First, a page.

The Berean Expositor
Volume 54 - Page 173 of 210
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8: 19 - 9: 20.
pp. 18 - 20
The words of warning, alas, fell on deaf ears:
"Nevertheless the people refused to obey the voice of Samuel; and they said, Nay;
but we will have a king over us; that we also may be like all the nations; and that our
king may judge us, and go out before us, and fight our battles. And Samuel heard all the
words of the people, and he rehearsed them in the ears of the Lord. And the Lord said to
Samuel, Hearken unto their voice, and make them a king. And Samuel said unto the men
of Israel, Go ye every man unto his city" (I Sam. 8: 19-22).
This is a significant reminder of the words of the Psalmist who sums up the reason for
the failure of Israel after the Lord had led them out of Egypt and miraculously provided
for them as they journeyed towards their promised land: "They soon forgot His works;
they waited not for His counsel, but lusted exceedingly in the wilderness, and tempted
God in the desert. And He gave them their request, but sent leanness into their soul"
(Psa. 106: 13-15).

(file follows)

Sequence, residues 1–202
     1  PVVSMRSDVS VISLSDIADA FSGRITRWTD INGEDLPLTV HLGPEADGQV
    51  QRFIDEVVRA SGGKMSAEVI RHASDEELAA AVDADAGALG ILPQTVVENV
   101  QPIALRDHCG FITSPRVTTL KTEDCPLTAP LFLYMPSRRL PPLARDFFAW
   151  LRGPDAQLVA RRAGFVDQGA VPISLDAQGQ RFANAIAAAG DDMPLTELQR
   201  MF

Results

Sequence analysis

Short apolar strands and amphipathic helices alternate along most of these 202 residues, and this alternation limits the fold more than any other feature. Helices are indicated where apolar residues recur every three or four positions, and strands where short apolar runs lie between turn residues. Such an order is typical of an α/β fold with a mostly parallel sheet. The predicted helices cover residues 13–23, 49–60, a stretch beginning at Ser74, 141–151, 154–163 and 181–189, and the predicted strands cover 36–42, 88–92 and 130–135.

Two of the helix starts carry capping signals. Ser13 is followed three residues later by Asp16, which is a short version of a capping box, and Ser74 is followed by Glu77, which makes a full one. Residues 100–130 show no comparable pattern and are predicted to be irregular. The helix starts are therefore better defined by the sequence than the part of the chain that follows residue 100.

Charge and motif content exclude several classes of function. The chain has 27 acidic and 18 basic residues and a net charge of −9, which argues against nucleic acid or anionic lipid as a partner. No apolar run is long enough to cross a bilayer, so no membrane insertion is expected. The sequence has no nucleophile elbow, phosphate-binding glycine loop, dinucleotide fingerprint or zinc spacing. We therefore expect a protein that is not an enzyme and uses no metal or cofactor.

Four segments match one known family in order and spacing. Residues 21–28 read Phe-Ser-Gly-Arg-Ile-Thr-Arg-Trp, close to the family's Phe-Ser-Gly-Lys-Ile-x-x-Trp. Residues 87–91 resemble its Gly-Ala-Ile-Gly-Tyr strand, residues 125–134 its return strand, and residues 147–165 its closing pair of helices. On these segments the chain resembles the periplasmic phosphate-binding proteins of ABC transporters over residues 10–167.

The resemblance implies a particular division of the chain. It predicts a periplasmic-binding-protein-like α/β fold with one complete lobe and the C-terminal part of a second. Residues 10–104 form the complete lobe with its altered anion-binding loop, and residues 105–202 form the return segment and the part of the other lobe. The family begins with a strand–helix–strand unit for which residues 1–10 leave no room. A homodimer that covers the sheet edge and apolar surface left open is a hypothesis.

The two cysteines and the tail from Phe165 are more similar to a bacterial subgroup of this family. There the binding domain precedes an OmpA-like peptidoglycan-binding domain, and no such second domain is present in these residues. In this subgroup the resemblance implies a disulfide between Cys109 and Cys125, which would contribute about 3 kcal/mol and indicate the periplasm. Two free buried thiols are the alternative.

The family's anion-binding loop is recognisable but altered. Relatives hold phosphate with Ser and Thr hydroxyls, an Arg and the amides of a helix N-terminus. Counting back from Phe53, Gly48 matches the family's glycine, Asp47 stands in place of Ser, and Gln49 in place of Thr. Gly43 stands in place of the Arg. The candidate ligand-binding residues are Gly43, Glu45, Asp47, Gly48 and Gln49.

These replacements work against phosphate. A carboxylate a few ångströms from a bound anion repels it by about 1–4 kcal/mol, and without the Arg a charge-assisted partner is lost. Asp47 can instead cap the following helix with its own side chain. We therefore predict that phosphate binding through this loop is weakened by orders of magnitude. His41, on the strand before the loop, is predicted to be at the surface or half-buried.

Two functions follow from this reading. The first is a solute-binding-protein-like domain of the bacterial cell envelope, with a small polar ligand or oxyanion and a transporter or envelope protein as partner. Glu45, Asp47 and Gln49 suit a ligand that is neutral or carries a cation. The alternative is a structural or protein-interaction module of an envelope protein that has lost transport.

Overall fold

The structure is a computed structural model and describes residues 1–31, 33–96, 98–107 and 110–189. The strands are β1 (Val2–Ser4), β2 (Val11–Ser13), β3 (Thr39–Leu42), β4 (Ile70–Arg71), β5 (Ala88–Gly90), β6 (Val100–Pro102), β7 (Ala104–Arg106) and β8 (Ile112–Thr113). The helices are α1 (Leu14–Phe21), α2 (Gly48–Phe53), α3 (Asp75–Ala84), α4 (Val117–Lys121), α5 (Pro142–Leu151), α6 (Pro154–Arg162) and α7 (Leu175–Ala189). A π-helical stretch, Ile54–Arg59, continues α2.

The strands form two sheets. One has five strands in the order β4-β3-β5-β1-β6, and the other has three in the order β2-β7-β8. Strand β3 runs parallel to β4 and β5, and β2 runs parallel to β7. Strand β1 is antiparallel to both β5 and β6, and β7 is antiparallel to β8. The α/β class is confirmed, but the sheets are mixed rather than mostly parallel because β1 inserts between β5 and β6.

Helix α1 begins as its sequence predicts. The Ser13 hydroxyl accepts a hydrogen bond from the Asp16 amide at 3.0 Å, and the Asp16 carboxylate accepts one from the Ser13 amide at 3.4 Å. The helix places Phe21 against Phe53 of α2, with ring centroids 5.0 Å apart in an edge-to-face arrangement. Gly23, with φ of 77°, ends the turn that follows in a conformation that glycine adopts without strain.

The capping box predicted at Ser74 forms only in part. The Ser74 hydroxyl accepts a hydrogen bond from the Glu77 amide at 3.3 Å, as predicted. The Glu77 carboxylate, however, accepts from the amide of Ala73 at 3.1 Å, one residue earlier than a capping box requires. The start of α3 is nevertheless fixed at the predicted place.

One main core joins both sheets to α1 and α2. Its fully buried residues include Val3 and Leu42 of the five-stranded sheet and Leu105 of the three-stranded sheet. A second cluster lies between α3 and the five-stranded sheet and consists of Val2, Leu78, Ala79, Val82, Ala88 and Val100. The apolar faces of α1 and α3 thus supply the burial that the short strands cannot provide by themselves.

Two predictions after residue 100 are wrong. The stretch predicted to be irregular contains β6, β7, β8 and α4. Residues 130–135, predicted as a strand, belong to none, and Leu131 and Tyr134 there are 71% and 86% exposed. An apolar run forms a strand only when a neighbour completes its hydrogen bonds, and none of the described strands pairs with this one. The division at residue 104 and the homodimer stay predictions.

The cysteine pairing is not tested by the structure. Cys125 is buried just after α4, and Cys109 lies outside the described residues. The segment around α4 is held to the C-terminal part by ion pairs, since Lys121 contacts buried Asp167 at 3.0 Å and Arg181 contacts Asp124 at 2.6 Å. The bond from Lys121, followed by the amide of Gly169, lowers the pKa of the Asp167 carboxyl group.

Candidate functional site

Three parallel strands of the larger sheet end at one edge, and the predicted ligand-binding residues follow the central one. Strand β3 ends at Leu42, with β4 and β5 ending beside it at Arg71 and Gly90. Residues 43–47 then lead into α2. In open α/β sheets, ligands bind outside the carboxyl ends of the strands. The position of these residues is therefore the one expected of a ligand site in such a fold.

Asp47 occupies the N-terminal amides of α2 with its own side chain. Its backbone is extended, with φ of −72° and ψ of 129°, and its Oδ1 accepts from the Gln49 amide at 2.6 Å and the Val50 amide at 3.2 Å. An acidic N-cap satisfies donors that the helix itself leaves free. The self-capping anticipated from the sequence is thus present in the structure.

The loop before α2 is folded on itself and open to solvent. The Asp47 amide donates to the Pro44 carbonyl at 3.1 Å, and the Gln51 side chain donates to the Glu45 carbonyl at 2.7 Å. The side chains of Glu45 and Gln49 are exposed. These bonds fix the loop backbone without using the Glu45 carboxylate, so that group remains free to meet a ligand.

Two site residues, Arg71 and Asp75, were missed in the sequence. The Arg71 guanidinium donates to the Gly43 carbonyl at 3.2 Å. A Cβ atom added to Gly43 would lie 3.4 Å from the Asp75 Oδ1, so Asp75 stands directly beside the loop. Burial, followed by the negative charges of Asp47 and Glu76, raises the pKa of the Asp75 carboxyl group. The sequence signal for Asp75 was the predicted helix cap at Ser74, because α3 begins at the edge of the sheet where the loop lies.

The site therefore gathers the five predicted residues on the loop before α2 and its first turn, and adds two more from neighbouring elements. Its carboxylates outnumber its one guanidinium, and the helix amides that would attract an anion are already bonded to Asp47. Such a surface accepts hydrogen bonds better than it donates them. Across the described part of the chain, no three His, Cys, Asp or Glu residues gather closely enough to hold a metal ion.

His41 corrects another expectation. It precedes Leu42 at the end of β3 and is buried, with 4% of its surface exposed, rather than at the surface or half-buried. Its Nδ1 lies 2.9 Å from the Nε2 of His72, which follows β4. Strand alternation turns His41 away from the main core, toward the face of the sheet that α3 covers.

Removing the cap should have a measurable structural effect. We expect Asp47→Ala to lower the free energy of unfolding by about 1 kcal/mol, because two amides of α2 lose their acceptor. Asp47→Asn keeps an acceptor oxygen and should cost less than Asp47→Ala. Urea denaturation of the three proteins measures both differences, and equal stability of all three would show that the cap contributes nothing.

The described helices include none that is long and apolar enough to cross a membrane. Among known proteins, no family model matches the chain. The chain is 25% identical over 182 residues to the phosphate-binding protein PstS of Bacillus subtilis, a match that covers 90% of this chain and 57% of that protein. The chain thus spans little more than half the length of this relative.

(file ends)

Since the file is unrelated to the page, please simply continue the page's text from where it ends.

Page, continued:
When we feel sometimes that the Lord has turned a dear ear to our prayers, it will be
of considerable help to remember this in case we are praying for that which is not right.
Also we should remember the words of the Saviour Himself, Who, when praying to the
Father said, "nevertheless, not My will, but Thine be done".
The history of Saul.
The history of Saul occupies I Sam. 8: 4 - II Sam. 1: 27, and can be divided into
three sections, namely:
I Sam. 8: 4 - 15: 35. The demand for a king. His testing and rejection.
I Sam. 16: 1 - 26: 25. The anointing of David and his persecution by Saul.
I Sam. 27: 1 - II Sam. 1: 27. Saul's sin and death.
I Samuel 9: opens with details of the family of the man chosen to be the first of the
earthly kings of Israel, and then goes on to relate the circumstances under which he met
"Now there was a man of Benjamin, whose name was Kish ... a mighty man of
power. And he had a son, whose name was Saul, a choice young man, and a goodly: and
there was not among the children of Israel a goodlier person than he: from his shoulders
and upward he was higher than any of the people" (I Sam. 9: 1, 2).
Saul, a man in the prime of life, was distinguished among his fellow by his great
stature and physical appearance. He was the son of a noble and prosperous farmer, living
in a small town in the tribe of Benjamin. His father Kish had sent him, together with a
household servant, to find some asses that had strayed away from the farm.